I spent this last week with EFU and YFU and my parents at my parents' summer home in the middle of nowhere. The middle of nowhere in this case was in the mountains of Southwestern Pennsylvania. You know you're getting close to where my folks are when you come on the sign that tells you to watch for horses and buggies over the next five miles.
I notice road signs a lot when I'm out in the country. Signage generally is more prevalent in urban and suburban areas, but those signs blend in with the buildings. The signs in rural parts stick out in sharper relief. If you add to the discord between the natural setting and the man made signs the fact that when I'm out in the country, I'm in less familiar surroundings so that it would be a lot easier for me to get lost, it's not surprising that I pay more attention to them out there. Most of the signs in the country either tell you where you are (geographically) or point you towards somewhere you might want to be, but occasionally, you run across a sign that reminds you of more than just location. I like the vector signs (the signs that give you a distance and a direction) most of all. I like them so much that I snuck out early one morning just to shoot a few of them. I went by myself because the kids weary of me taking pictures of signs they find uninteresting. My folks would just find it weird. As do other people. I took the vector signs from two different directions of this same intersection (Pocahontas is still nine miles to the west, whether you're coming from the north or the east.), and I would have taken it from a third, but people were starting to stare at me. One toothless (but polite) gentleman went so far as to ask me what I was taking pictures of. I told him, but I'm not sure he believed me. I would have told him a lie if I could have thought of one that was more interesting than the truth, but I was a little slow that morning.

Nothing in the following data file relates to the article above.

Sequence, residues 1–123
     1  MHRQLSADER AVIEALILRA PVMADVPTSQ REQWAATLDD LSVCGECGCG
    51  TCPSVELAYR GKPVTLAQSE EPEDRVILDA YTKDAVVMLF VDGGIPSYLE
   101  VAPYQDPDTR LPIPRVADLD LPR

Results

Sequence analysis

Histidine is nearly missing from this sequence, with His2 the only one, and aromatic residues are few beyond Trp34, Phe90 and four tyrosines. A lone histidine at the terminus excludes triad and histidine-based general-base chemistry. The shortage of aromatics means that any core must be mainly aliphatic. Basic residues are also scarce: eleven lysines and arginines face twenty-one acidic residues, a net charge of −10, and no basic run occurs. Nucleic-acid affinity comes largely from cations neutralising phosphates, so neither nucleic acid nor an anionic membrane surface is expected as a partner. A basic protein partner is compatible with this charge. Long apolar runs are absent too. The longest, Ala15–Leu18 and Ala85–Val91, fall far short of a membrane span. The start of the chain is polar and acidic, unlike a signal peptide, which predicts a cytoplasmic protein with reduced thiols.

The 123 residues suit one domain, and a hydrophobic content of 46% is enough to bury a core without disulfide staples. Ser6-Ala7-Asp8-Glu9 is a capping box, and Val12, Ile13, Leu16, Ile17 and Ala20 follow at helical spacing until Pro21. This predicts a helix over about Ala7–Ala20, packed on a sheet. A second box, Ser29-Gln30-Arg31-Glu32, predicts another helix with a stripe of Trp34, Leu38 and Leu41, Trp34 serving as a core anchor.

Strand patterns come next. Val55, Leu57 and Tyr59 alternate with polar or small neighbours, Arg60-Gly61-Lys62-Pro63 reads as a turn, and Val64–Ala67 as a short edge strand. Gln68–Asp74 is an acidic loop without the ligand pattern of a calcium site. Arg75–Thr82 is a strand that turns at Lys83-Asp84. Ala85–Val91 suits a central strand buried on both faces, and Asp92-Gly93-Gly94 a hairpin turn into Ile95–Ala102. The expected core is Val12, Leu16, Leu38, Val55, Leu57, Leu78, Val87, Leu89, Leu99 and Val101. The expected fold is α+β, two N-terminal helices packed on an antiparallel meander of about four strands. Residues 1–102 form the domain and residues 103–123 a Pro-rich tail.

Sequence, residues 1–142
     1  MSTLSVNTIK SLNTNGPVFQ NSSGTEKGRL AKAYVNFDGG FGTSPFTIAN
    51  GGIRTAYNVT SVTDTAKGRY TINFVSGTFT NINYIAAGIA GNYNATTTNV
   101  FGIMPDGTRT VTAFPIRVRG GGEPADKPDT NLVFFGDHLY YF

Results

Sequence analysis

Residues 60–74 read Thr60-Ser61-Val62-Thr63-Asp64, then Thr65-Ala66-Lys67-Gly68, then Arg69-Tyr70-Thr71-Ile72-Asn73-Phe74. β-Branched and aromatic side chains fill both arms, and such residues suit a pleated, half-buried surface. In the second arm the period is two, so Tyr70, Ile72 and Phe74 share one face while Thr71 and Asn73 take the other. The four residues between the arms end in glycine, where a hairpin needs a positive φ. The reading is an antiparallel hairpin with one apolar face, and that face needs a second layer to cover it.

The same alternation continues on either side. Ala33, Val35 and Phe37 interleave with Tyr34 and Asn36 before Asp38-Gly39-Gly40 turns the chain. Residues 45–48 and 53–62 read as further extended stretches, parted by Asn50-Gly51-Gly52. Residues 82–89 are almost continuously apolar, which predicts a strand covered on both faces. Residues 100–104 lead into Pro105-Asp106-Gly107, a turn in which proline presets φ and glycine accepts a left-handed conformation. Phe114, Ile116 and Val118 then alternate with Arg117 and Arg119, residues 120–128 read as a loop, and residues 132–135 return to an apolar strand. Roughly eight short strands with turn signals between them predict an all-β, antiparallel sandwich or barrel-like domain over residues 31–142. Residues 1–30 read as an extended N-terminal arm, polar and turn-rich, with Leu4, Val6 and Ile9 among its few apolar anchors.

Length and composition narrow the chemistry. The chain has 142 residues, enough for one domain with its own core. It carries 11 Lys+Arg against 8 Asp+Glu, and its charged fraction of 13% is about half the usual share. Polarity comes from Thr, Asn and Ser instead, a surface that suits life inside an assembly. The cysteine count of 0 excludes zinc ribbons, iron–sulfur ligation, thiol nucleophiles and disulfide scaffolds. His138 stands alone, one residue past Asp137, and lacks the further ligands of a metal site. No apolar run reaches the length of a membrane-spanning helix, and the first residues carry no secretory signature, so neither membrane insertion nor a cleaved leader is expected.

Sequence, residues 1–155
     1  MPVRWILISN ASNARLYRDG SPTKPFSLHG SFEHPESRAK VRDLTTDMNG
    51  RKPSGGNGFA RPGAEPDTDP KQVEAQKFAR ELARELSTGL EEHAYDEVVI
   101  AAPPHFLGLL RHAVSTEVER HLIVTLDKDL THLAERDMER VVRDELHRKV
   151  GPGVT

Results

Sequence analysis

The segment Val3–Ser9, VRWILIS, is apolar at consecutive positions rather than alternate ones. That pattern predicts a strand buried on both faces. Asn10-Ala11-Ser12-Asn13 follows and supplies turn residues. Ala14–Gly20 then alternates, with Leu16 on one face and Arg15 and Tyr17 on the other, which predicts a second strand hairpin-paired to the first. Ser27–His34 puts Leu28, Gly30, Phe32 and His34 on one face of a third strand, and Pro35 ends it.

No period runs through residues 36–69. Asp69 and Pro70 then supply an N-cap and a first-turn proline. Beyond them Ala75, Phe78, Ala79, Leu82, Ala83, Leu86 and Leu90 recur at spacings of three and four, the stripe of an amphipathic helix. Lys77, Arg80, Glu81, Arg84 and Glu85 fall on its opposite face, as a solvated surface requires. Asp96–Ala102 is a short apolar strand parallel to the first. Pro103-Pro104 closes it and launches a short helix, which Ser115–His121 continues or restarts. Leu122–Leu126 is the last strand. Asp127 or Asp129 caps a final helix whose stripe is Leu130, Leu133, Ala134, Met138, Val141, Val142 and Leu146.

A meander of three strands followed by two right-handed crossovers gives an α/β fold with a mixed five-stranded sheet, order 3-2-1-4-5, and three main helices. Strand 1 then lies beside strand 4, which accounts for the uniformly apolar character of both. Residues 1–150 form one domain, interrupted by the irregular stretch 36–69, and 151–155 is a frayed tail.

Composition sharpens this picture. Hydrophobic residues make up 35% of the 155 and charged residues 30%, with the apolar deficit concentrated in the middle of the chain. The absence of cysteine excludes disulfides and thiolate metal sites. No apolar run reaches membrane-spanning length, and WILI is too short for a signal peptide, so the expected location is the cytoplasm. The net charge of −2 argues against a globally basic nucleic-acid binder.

The cool thing about the vector signs is that you drive all over the place out in the country, and you see signs pointing to the same places. Then you get to one of those places, and you see signs pointing to places you've already been. It's a great example of how everything is connected. We Unitarian Universalists (by the way, if you're looking for reports on my sexual activity, just abandon all hope now; all of those giant Amish families notwithstanding, there's no sex out in the country; at least not for me) are very fond of talking about the interconnectedness of all existence. Really, if we started to canonize people (which we won't), right after we'd made a saint out of Emerson, we'd probably go for Chief Seattle. You hear him quoted all the time in UU churches, when we're talking about the seventh principle: "Respect for the interdependent web of all existence of which we are a part." If we had overlords (which we don't), I reckon that my UU overlords would be happy that being in the country reminds me of the seventh principle. They might not be so happy that I'm reminded by the highway signs, but whatever. "Whatever" is also one of the UU principles, but I think they use other language.